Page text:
neointimal hyperplasia


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neointimal hyperplasia

An increase in the thickness of the lining of a blood vessel in response to injury or vascular reconstruction. It is an important cause of vein graft obstruction after coronary artery bypass surgery and in the premature closure of other vascular conduits, e.g., in dialysis access devices. It is characterized by the migration of smooth muscle cells into the graft, followed by the release of cytokines that damage the vessel wall and contribute to its degradation by inflammation.
See also: hyperplasia
References in periodicals archive ?
Kim et al., "The microRNA miR-132 targets Lrrfip1 to block vascular smooth muscle cell proliferation and neointimal hyperplasia," Atherosclerosis, vol.
Histological investigations have confirmed that venous neointimal hyperplasia is the predominant cause of stenotic lesions of AVF failure [4].
Combination of MMP-3 and MMP-9 knockout or knockdown reveals that MMP-3 mediated activation of MMP-9 is required and efficient in neointimal hyperplasia [123].
It was observed that both DES significantly decreased the neointimal hyperplasia, as well as the number of interventions at the end of one year, as compared to the BMS; however, sirolimus DES more efficiently decreased the angiographic neointima as compared to the Infinnium stent.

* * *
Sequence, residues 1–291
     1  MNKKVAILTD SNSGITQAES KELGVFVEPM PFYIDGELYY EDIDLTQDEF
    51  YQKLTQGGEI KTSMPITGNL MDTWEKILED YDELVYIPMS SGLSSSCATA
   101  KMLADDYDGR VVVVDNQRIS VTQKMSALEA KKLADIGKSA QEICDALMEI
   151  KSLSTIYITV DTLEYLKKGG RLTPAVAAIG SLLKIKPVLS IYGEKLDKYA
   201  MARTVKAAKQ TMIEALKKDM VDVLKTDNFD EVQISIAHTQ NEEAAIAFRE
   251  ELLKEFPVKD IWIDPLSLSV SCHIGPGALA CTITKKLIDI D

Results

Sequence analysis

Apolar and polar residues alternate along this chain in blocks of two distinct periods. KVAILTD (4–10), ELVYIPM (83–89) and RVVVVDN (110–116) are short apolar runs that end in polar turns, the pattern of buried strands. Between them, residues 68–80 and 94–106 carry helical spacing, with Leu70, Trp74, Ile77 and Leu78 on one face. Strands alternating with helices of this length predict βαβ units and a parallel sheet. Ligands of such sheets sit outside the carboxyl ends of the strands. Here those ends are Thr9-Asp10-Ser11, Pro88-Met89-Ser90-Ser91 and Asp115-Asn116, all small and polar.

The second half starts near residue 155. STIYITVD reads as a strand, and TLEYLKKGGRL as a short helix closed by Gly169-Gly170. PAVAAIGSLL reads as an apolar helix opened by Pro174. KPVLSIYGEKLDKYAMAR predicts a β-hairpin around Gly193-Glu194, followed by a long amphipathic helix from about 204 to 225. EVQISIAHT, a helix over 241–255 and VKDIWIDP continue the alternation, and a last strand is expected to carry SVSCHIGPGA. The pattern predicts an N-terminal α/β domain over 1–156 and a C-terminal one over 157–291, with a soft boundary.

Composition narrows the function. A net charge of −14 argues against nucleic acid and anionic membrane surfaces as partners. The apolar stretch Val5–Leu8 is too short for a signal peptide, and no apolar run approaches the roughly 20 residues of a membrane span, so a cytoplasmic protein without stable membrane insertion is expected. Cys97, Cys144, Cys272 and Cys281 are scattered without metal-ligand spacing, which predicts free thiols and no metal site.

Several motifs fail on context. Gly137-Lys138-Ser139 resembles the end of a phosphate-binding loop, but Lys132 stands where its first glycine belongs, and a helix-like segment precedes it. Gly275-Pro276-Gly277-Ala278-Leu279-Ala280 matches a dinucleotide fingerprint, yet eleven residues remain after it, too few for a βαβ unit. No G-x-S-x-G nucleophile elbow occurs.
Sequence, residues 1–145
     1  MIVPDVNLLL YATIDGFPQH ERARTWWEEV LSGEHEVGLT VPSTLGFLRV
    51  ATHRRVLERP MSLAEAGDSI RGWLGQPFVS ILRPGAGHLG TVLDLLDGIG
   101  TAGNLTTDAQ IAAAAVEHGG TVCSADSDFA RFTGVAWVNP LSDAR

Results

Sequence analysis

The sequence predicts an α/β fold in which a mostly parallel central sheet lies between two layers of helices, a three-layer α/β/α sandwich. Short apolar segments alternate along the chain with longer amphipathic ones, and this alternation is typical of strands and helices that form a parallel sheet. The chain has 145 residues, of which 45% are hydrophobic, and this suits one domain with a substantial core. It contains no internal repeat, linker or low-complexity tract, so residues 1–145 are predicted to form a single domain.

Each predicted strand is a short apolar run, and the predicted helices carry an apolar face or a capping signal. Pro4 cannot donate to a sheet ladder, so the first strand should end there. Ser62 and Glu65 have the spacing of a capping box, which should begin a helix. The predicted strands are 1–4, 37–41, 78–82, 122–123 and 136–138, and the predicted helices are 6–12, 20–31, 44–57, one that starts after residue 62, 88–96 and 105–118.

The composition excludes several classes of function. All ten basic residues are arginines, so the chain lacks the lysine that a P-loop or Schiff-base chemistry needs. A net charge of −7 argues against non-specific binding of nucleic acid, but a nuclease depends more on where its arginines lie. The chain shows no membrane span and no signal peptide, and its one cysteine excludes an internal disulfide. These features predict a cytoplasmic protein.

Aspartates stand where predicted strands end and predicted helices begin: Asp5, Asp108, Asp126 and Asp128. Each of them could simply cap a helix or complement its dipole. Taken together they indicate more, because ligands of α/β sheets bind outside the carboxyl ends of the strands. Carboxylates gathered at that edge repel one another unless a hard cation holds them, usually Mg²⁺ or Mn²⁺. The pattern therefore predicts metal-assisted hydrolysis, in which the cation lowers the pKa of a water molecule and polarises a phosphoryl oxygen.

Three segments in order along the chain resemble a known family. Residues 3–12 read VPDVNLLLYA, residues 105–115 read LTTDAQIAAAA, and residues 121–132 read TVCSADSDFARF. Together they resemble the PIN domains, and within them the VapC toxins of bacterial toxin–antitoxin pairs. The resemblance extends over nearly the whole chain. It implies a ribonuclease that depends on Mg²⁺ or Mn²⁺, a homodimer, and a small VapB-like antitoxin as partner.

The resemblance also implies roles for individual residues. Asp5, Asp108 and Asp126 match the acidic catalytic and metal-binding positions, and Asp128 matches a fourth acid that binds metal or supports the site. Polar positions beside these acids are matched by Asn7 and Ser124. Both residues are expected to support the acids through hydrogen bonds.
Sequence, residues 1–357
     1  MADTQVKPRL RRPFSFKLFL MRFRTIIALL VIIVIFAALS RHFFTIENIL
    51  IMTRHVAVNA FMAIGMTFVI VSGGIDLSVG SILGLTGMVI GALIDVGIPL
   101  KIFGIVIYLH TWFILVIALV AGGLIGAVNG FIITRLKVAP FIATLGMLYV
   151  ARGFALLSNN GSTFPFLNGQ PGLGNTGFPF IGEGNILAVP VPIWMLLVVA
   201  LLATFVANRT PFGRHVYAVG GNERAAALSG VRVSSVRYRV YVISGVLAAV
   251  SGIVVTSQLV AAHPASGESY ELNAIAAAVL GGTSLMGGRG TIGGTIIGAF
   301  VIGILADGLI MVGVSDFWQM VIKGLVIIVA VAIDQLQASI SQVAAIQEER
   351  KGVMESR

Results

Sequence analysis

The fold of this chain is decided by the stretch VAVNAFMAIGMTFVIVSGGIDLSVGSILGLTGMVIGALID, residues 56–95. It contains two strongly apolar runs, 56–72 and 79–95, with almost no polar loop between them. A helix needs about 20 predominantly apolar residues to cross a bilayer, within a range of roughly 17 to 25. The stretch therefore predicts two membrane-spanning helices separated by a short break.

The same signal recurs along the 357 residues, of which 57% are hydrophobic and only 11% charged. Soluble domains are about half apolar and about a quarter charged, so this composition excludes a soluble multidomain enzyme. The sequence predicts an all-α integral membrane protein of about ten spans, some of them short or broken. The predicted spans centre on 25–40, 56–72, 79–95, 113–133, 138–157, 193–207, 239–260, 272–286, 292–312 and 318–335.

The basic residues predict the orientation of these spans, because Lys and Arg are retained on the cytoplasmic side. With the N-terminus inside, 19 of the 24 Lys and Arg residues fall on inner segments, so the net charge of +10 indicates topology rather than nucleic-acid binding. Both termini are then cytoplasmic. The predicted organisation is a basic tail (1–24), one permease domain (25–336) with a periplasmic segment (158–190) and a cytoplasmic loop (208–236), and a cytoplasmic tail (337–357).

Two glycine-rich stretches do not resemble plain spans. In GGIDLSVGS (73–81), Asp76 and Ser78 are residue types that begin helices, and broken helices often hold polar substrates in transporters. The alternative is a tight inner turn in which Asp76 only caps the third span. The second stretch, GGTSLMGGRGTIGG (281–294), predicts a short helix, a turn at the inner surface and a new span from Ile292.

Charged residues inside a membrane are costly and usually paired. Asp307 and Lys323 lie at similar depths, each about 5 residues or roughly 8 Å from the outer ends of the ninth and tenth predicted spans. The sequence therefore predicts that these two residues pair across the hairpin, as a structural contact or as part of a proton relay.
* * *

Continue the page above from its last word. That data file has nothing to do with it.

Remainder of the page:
More than 50% of coronary artery bypass grafts (CABG) have failed by 10 years, and neointimal hyperplasia is a major factor in this process.
Effect of endothelial progenitor cells on neointimal hyperplasia and re-endothelialization of injured vessels
The main reason for early failure of small diameter grafts used in vascular surgery is thrombotic occlusion, whereas the main reason for late failure is neointimal hyperplasia (1-3).
Drug-eluting stents have been proposed as an alternative approach to decrease neointimal hyperplasia. Polymer coated stents can serve as a reservoir for local drug delivery.
Suppression of neointimal hyperplasia, the underlying cause of in-stent restenosis, by 17 beta-estradiol released from the stent surface, represents a novel approach for drug eluting stents and is the basis for the ETHOS I clinical study.
Paclitaxel, derived from the yew tree, inhibits microtubule formation in endothelial cells, disrupts mitosis and migration, and prevents neointimal hyperplasia.
Methods: Patients presenting neointimal hyperplasia documented by OCT reexamination after percutaneous coronary intervention were prospectively included from 2009 to 2011.
Interestingly it has been reported that andrographolide attenuates neointimal hyperplasia in a murine model of restenosis (21).